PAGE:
I set some pretty aggressive financial goals for myself this past year, and am pumped to see how things shake out over the course of the year. After posting about my 2015 goals last month, Mike from The Dividend Guy blog wanted to know what exactly I planned on doing to reach these goals. Great point Mike, and even better suggestion for a post.
For me, everything is a process, and in the course of setting my goals for the year, I lay everything out exactly how I hope it might happen. For me, the end goal is important, but the journey in figuring out what I’ll have to do to hit these goals is even more so. Call me crazy, but I just think it is fun.
Planned Pursuit: Nailing My 2015 Goals
Before sharing what I’ll do to try and hit my goals, let’s quickly recap what my financial goals for 2015 look like.
As you can see, there are five different financial goals. Of the five, only four will really require some concerted effort and planning. Let me explain as we walk through each goal:
Traditional Interest Income: This is the regular interest my wife and I earn on our savings accounts. We have a substantial stash of cash socked away, and it just sits there and earns interest each and every month. We shouldn’t have too much trouble hitting this goal. There are some potential uses for our liquid savings on the horizon, so I shot a bit low not knowing if we’d maintain our level of cash throughout the entire year. This is the one income type that did not require much planning.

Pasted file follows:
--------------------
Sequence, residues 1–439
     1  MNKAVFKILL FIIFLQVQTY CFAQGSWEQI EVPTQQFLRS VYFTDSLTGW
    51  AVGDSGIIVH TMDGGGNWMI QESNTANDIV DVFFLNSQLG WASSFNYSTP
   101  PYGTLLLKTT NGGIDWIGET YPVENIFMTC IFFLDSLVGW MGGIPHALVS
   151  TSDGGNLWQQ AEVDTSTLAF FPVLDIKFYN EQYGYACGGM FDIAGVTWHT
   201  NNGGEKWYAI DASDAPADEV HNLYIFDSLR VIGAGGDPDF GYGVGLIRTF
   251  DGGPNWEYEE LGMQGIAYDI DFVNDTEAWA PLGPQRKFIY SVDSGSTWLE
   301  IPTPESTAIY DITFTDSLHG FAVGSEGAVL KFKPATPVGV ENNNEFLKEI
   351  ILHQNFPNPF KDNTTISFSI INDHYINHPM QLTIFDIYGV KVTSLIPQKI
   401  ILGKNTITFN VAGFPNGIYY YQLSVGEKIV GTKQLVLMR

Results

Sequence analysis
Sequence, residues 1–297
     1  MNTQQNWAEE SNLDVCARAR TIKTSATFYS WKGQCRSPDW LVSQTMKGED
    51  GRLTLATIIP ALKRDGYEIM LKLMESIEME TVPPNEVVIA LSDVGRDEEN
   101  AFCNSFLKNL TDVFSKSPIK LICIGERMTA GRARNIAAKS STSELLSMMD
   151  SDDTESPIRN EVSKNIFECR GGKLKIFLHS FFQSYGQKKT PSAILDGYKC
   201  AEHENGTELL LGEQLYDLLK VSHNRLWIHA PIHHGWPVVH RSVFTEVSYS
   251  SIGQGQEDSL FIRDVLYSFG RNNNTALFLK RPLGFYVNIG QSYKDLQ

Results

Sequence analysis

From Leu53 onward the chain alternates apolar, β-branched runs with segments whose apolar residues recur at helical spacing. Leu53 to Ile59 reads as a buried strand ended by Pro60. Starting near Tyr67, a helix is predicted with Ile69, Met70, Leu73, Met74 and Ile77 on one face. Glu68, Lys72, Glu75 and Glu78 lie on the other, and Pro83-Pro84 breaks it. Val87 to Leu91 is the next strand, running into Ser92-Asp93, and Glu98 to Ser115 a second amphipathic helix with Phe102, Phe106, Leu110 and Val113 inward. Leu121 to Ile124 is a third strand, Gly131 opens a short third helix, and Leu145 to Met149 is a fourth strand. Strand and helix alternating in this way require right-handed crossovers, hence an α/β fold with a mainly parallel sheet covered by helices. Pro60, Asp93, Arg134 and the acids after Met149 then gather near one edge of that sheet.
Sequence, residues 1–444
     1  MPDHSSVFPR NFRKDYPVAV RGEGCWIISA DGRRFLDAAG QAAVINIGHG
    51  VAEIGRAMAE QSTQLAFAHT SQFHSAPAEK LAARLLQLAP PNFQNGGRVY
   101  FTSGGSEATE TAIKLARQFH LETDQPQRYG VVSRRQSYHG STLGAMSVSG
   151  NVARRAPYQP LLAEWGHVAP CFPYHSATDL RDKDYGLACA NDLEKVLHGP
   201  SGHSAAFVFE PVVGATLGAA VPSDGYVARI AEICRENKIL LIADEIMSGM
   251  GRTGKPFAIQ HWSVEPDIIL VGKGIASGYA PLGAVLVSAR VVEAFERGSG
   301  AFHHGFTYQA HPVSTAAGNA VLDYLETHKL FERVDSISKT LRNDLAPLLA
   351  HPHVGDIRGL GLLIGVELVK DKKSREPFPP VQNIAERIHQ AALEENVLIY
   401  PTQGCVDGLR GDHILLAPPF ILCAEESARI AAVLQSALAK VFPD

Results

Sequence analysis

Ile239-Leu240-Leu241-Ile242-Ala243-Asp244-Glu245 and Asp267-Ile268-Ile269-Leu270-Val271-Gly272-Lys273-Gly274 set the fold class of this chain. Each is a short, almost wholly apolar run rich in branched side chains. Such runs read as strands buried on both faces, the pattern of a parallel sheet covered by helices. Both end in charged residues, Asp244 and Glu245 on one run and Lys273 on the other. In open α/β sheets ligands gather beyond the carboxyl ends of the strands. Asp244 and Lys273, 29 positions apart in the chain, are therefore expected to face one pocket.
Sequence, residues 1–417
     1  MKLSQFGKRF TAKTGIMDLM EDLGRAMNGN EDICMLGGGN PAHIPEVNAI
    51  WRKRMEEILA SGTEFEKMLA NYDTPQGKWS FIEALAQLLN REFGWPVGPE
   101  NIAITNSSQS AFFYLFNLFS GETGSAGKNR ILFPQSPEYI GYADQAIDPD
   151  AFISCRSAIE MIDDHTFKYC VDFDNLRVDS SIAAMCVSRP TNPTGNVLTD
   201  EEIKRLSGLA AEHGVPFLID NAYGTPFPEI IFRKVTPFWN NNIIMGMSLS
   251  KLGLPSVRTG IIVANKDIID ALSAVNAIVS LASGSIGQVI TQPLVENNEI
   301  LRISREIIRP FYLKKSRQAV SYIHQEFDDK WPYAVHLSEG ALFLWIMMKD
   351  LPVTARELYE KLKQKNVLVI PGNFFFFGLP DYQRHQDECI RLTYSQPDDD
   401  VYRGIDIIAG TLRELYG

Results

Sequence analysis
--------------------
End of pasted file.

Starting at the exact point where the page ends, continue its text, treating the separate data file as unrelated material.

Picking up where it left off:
Peer to Peer Lending (Marketplace Lending): As I’ve done in the past couple of years, I’ve set goals that encapsulate both Lending Club and Prosper. As an asset class they get grouped together, but for income purposes I track them separately.
- Prosper: I only have one account with Prosper, which prior to a deposit right at the end of the year, sat around $2,650 in value. During all of 2014, this account earned $322.19 of net interest. With declining interest rates and a harder time finding loans at times, I will have to put some serious capital to work to hit my goal of $525 in 2015. Assuming a full year of fresh capital, with a net return of 10%, I’d need to add approximately $2,000 to hit this goal. Since I’ll be contributing throughout the year, and have a 4-6 week lead time before receiving payments, I will likely need to more than double that number to hit the $525 mark for the year. Of course, the earlier I add capital, the smaller the number needs to be. That being said, I am targeting the addition of $4,000 in fresh capital to this account.
- Lending Club: I have two accounts with Lending Club, a Roth IRA and taxable account, with a goal of $1,800 of net interest in 2015. The IRA is at this point on autopilot. During 2014 it earned $1,302.56 of net interest. Based on the natural reinvestment offset by the declining interest rates being offered at Lending Club, I expect to net around $1,350 this year from this account.For my taxable account, I will be making up the remaining difference between my goal of $1,800 and the $1,350 generated in my Roth IRA. Given the balance at the end of the year of approximately $2,300, I have a ways to go to generate the $450 of net interest in this account. Using the same concept for my Prosper account, assuming a 10% return I would have to add nearly $2,700 to this account prior to the start of the year to bring my $184 of net interest in 2014 up to $450 in 2015. Knowing that the capital hasn’t been contributed at this point, I am targeting adding $4,500 to this account by the end of the year.